Caption: “On the same frozen-cold day, C&EI E8 (1102) and Monon C420 (502) wait on their passenger trains at Dearborn Street Station’s east side tracks. The E-unit had probably brought up the C&EI train from Danville that morning, and the Monon unit was also probably laying over between runs from/to Louisville. It was one of Monon’s two steam generator equipped Alco C420 units, with the high short hoods that signified this difference from their freight kin.”
When the seven buy-in-person windows opened at 10 a.m. the PrivateBank Theatre box office — three at the regular box office and four temporary stations in the lobby — more than 1,000 people stood in a line that circled the block, running west on Monroe Street, north on Dearborn Street, east on Madison Street and then south on State Street, wrapping around the theater.
On the ticket resale site StubHub, the inventory of “Hamilton” Chicago tickets exploded Tuesday. Prices on Tuesday afternoon ranged from about $275 — for poor seats in February — to $10,000 for an average seat in the right mezzanine for the show on Dec. 23. Seller said in the previous interview that re-selling “Hamilton” tickets is not illegal in Illinois (which is true, provided a licensed broker is involved in the transaction), but it violates Broadway in Chicago’s terms of purchase.
In-person ticket buyers were limited to six seats “per household,” although it was not clear how that could be enforced, especially if more than one credit card was in use.
There were real fans in line Tuesday, whom Broadway in Chicago staffers tried to help out and humor even as they scowled at the obvious scalpers, who tended to be paying cash.
LaVonne Welker, 70, of Lindenhurst, said she had been in line since 1:30 p.m. Monday, an arrival time confirmed by Broadway in Chicago staffers. She showed a reporter two sets of tickets — one for the first night of performances Sept. 27 and one for Jan. 11, Alexander Hamilton’s birthday.
“I love the story of Alexander Hamilton,” Welker said, "He was a genius. He was a visionary. He was tragically flawed. And his story is told by another genius who just writes the best lyrics.”
Behind her was a younger fan, Bella Alcarese, 13, from suburban Westchester. She said she had been in line since 3 p.m. Monday along with her family and was running on three hours of sleep. She already had seen the show in New York but wanted to see it with her family.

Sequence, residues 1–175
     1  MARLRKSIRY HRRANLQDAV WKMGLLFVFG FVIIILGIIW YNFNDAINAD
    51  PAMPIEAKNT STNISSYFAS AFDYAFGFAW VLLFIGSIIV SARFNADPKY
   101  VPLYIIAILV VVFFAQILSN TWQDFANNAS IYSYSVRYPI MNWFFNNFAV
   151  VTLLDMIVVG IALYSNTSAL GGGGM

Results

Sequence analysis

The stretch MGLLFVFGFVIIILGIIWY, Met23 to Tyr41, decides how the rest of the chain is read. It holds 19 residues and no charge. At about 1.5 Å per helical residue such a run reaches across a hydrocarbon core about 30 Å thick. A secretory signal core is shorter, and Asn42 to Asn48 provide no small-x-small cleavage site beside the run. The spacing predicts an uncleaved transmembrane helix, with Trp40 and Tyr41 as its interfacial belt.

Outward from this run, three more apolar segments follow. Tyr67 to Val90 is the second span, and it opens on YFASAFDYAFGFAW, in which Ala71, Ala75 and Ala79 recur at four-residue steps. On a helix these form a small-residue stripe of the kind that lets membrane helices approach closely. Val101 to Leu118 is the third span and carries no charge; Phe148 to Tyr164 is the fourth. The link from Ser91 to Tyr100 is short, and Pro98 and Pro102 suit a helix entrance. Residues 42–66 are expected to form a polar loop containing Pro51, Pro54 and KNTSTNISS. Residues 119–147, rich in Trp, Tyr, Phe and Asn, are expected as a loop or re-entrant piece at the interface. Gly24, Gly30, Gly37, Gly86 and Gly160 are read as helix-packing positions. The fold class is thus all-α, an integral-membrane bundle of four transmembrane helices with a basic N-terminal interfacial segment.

“I watched the Grammys and I really got into it,” she said. "It seemed really cool.”
Her favorite song? “The Room Where It Happens,” she said, breaking out into a smile.
Hope College student Cara Maas, 18, came from Grand Rapids, Mich., to brave the line.
“We got a hotel and we were like, ‘We’ll go at 5 in the morning (Tuesday). But we’re going to check out the route to see where we’re going around 8:30 (p.m. Monday),’” she said. "So we get here and we’re like, there’s a line. We need to get in line. So we just popped a squat and we’ve been here ever since.
“We’re obsessed with the show, and a chance to see it is gonna be the best day ever for us,” she said before breaking into a rendition of “Helpless” with her friend.
Maas was among many others — from as far away as San Diego — popping a squat on the Loop sidewalk, many of them clutching phones and laptops as they tried simultaneously to buy tickets online.
Broadway in Chicago Vice President Eileen LaCario said she expected the line to diminish during the day, but it seemed clear that the box office would be busy until its closing time of 8 p.m., which was not expected to be significantly extended. By early afternoon, those who had lined up at dawn were finally reaching the box office windows.
Chatham resident Cozzetta Uwejeyan, 67, said she had arrived at 4:30 a.m. to join the line.
“This is the first time we have ever stood in line for any ticket, so this is big for us,” she said. “We’ve seen some clips of the performance on TV and we said, ‘Now that’s something we can’t miss.’ I missed ‘The Lion King.’ I was lazy. But I said, 'I’m not going to miss this one.’”